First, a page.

Vítězslava KAPRÁLOVÁ (1915-1940)
Prélude de Noël (1939) [2:03]
Vojenská symfonieta, Op 11 (1936-37) [14:41]
Smutný večer (reconstr. T. Cheek for Voice & Orchestra) (c.1936) [3:29]*
Sbohem a šáteček, Op 14 (Version for Voice & Orchestra) (1938) [5:24]
Suite en miniature, Op 1 (Version for Orchestra) (1935) [9:51]
Piano Concerto in D minor, Op 7 (1935) [23:11]
Nicholas Phan (tenor)
Amy I-Lin Cheng (piano)
University of Michigan Symphony Orchestra/Kenneth Kiesler
rec. 2015-2016, Hill Auditorium, University of Michigan, Ann Arbor, USA
NAXOS 8.574144 [58:57]
If it hadn’t been for her premature death in 1940 at the young age of twenty-five, Vítězslava Kaprálová would undoubtedly have become a major figure in 20th century music. Her father had been a pupil of Leoš Janáček, and guided her through her first compositional steps. Later she attended the Brno Conservatory. Future compositional teachers included Vítězslav Novák, a student of Dvořák, at the Prague Conservatory, and Bohuslav Martinů in Paris. She also spent a brief period with Nadia Boulanger. Her conducting teachers were no less impressive: Václav Talich and Charles Munch. When war broke out she found herself exiled in Paris. Tragically, two months after her marriage to journalist Jiří Mucha in 1940, she died in what was termed ‘tuberculosis miliaris’, but was most likely typhoid fever, leaving behind a substantial oeuvre of more than fifty compositions. She remained in obscurity for many years, being labeled ‘decadent’ by the communist authorities.
It’s thanks to the Kaprálová Society, founded in 1998, that her music and memory has been rekindled, by concerts, recordings and publications. In 2015, the centenary of her birth, a Kaprálová Festival was hosted at the University of Michigan in Ann Arbor, in which most of her works were performed over a seven day period. This significant event has provided the source of these recordings, newly released by Naxos.
The Prélude de Noël which begins the disc is a two minute miniature, first broadcast to Nazi-occupied Czechoslovakia on Christmas eve 1939. An amalgam of Czech folk song and Czech carols, it proved popular at the time, being both tuneful and memorable. It constitutes the perfect curtain raiser.
Kaprálová made her name with her Vojenská symfonieta (Military Sinfonietta), Op 11, dating from her time at the Prague Conservatory. It became her calling card. Cast in a single movement and scored for a large orchestra it’s well-crafted and reveals a deft hand at colourful orchestration, an impressive achievement for a twenty two year old. She dedicated the work to the Czechoslovak president, Edvard Beneš. The premiere took place on 26 November 1937, with Kaprálová herself conducting the Czech Philharmonic, the first time a woman had done so. She described its bold military style in the following way: “The composition does not represent a battle cry, but it depicts the psychological need to defend that which is most sacred to the nation”. It opens with a trumpet flourish, and throughout youthful energy abounds. I found it tonally centred, contrasting combative with more insouciant and unruffled elements.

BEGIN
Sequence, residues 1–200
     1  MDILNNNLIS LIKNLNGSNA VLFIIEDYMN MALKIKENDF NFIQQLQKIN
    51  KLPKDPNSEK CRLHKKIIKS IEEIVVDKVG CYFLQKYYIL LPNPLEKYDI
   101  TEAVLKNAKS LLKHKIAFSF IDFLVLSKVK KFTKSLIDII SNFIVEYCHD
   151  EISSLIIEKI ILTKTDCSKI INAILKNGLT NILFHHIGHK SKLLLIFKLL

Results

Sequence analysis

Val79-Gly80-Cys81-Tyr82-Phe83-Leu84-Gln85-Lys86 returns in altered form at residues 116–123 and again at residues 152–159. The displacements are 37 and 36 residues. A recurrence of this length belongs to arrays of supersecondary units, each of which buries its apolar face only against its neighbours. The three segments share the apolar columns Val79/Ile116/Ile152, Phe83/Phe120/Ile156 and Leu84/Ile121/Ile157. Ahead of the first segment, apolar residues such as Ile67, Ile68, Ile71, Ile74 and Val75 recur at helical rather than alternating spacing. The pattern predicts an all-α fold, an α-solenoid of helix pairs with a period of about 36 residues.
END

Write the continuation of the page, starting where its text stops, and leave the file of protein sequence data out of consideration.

Of the two vocal items, Smutný večer translates as ‘Sad Evening’. It was only discovered in 2006, and is here receiving its world premiere. The final thirteen bars of the orchestration were missing in the manuscript, and these have been reconstructed by Timothy Cheek. It’s speculated that Kaprálová wrote the text herself; she was a talented poet. The music is laden with sadness and melancholy with horns and clarinet vividly depicting weeping. Nicholas Phan is the tenor soloist. Sbohem a šáteček, Op 14 (Waving Farewell) provides the title for the CD. It’s set to a poem, popular amongst Czech schoolchildren, by Vítězslav Nezval (1900-1958). It was originally composed for voice and piano, but the composer orchestrated it in 1938. For Kaprálová it symbolized a farewell to Czechoslovakia when she progressed to Paris for studies. Nicholas Phan’s nostalgic rendering is both evocative and ardent.
The delightful Suite en miniature, Op 1 started life as four early piano pieces, penned in 1931 when Kaprálová was 16. She orchestrated them four years later, dedicating them to the Brno Radiojournal Ensemble, who performed the premiere under the baton of Theodor Schaefer on February 7 1936 on Brno Radio. The four movements are titled Praeludium, Pastorale, Lullaby and Menuetto. They combine Slavic romanticism with French impressionism. The mystical Praeludium is scored for strings, with Pastorale’s bucolic flavours realized by woodwinds. A small orchestra with the addition of trumpet, timpani, triangle and cymbals is employed in the wistful Lullaby. The final Menuetto is joyous and radiant in its warmth
The most substantial work on the disc is the three-movement Piano Concerto in D minor, Op 7 from 1935. It was the composer’s first orchestral work. It exudes confidence, passion and exuberance. The opening movement is late-Romantic in style with sweeping melodies. The keyboard writing is virtuosic and big-boned, and the orchestration is lush and colourful. The largo exudes Slavic gloom, longing and nostalgia. The finale allows some light to enter in, with its upbeat and joyous demeanour. Influenced by the times, it sounds quite jazzy in parts. Pianist Amy I-Lin Cheng performs it with vibrant, infectious dynamism. It couldn’t be bettered.
Handsomely recorded, Kenneth Kiesler conducts the University of Michigan Symphony Orchestra in convincing, invigorating and satisfying accounts which, I’m sure, will win these compelling scores many friends. A deep love and commitment to this composer conveys itself throughout. The booklet contains Czech texts and English translations of the two vocal items. I urge you to explore.